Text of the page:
Six Spy Ring Members Ordered Retained in Custody Until Their Trial Opens

Six suspected members of a Syrian-directed Arab-Jewish spy ring were ordered retained in custody until their trial opens by a Haifa district court judge today, Judge Y. Slonim acted on the request of the prosecutor, Haifa, District Attorney Itzhak Garbeli, after formal charges were filed against the six suspects who were arrested early last Dec. after a long period under surveillance. The suspects offered no objections to the remand order. No trial date has been announced.

The six suspects, two of them Israel-born Jews, were brought to the heavily guarded courthouse this morning to hear the charges, Prior to the filing of formal charges the court could extend their detention for no longer than 15 days at a time, a period extendable only on special request by the State. In requesting further custody, the District Attorney observed that “The court must be aware of the fact that-some of the charges mentioned in the charge sheets entail life imprisonment.”

Appearing in court today were Ehud Adiv, 26, and Dan-Vered, 30, alleged key members of the spy ring’s Jewish section, and Daoud Osman Turki, an Arab Christian and Israeli Communist Party functionary from Haifa who was allegedly the ring’s leader. Also appearing were Simon Hadad who headed the Arab student organization at Haifa University, Annis Karawi, an Arab from Shaferam, and Subhi Naarani of Bosmat Tivon, a Bedouin settlement near Haifa. Hadad was charged only with membership in a hostile organization.

The other five suspects were charged with maintaining direct contact with enemy agents. Adiv and Vered were charged specifically with passing information of a military nature to Syrian agents.

CHARGES AGAINST SUSPECTS OUTLINED

According to the charge sheet, the spy ring dated back to 1968 when Turki began organizing a group with the goal of organizing left-wing revolutions in Israel and the Arab states. In 1969 he went to Cyprus where he met Habib Kawagi, a former Palestinian Arab working for Egyptian intelligence who agreed to finance Turki’s activities. Kawagi provided Turki with a code book and instructions for receiving and transmitting information. Turki returned to Israel where he recruited members from Matzpen, an extreme left-wing organization, Adiv among them. Turki also visited Lebanon and Syria where he was trained in the use of arms and explosives and given a new code based on the Koran.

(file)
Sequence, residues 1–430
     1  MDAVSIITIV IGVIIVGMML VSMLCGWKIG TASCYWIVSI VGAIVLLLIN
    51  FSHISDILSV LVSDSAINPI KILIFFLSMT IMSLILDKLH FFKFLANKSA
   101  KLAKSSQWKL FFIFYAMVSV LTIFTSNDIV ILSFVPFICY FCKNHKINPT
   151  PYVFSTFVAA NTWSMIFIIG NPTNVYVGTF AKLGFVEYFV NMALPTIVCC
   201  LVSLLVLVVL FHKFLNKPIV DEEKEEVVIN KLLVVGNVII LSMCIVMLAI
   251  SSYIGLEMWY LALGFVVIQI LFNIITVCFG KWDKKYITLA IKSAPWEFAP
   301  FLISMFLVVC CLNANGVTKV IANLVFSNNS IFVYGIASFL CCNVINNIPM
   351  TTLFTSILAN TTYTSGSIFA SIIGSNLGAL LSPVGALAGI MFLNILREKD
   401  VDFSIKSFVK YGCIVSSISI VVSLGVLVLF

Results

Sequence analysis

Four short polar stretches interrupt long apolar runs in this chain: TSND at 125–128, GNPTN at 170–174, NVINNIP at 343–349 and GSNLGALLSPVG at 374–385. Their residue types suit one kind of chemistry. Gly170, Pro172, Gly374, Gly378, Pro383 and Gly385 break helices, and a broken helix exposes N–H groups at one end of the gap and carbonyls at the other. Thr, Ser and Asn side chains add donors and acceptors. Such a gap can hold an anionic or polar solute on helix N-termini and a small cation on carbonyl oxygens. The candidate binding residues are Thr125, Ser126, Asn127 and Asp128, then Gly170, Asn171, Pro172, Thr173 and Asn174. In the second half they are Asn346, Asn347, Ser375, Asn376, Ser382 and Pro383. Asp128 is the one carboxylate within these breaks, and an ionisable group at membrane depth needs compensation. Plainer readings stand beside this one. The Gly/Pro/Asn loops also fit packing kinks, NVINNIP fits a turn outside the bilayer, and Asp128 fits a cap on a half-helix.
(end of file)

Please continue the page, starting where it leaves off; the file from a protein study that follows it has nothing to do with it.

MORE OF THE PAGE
According to the charges against Adiv, described as the No. 2 man of the ring, he was assigned by Turki to recruit Jews and to send them to Syria for training. Adiv, who was born and raised at Kibbutz Gan Shmuel and is a combat veteran of the parachute brigade that participated in the capture of East Jerusalem during the Six-Day War, allegedly visited Syria twice in connection with the ring’s espionage activities.

He is alleged to have provided Kawagi with detailed Israeli military intelligence including the strength and deployment of paratroop units, the nature of Israeli armaments and the location of armored corps headquarters. The information helped Syrian intelligence calculate the strength of Israeli forces on certain sectors of the front, the charges said. Adiv also allegedly provided information on the location of airfields and arms production plants and selected military and civilian targets for sabotage.

He also allegedly supplied Vered with money to go to Athens to meet enemy agents. Vered, a teacher who graduated from the University of Miami in 1972 and joined Matzpen, also visited Syria and provided Syrian intelligence with information on Israel’s military reserves, armored corps and tank strength. According to the charges, Adiv also supplied Syria with economic and political intelligence on Israel. This was reportedly contained in a report he drafted during 10 days he spent in an apartment in Damascus.

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